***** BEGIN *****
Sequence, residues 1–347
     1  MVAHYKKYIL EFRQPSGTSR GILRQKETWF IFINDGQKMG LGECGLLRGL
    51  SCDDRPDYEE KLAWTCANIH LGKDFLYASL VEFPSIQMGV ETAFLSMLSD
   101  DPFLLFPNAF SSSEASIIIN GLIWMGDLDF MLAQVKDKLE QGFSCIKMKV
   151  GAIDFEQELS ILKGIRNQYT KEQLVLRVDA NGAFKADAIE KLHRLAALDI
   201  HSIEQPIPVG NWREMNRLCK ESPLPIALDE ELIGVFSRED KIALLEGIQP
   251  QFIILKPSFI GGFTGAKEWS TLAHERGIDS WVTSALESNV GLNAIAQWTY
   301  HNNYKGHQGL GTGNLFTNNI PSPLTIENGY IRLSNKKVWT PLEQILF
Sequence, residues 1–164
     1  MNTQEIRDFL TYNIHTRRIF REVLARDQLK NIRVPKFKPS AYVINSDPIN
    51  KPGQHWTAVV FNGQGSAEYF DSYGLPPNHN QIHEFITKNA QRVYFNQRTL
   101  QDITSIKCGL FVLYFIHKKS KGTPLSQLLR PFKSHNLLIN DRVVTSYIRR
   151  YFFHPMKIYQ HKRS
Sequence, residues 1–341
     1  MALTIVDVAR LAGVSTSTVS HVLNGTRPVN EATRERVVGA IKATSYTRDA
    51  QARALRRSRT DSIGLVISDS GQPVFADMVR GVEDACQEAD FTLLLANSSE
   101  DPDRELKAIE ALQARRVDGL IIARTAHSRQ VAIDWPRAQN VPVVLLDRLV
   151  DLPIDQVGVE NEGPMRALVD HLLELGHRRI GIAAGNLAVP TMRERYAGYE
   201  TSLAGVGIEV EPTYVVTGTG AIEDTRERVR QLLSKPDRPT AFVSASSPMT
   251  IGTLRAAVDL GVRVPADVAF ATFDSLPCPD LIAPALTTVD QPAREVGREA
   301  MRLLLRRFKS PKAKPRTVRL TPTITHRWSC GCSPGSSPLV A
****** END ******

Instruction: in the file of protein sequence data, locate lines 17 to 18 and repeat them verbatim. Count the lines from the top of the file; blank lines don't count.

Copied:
   101  DPDRELKAIE ALQARRVDGL IIARTAHSRQ VAIDWPRAQN VPVVLLDRLV
   151  DLPIDQVGVE NEGPMRALVD HLLELGHRRI GIAAGNLAVP TMRERYAGYE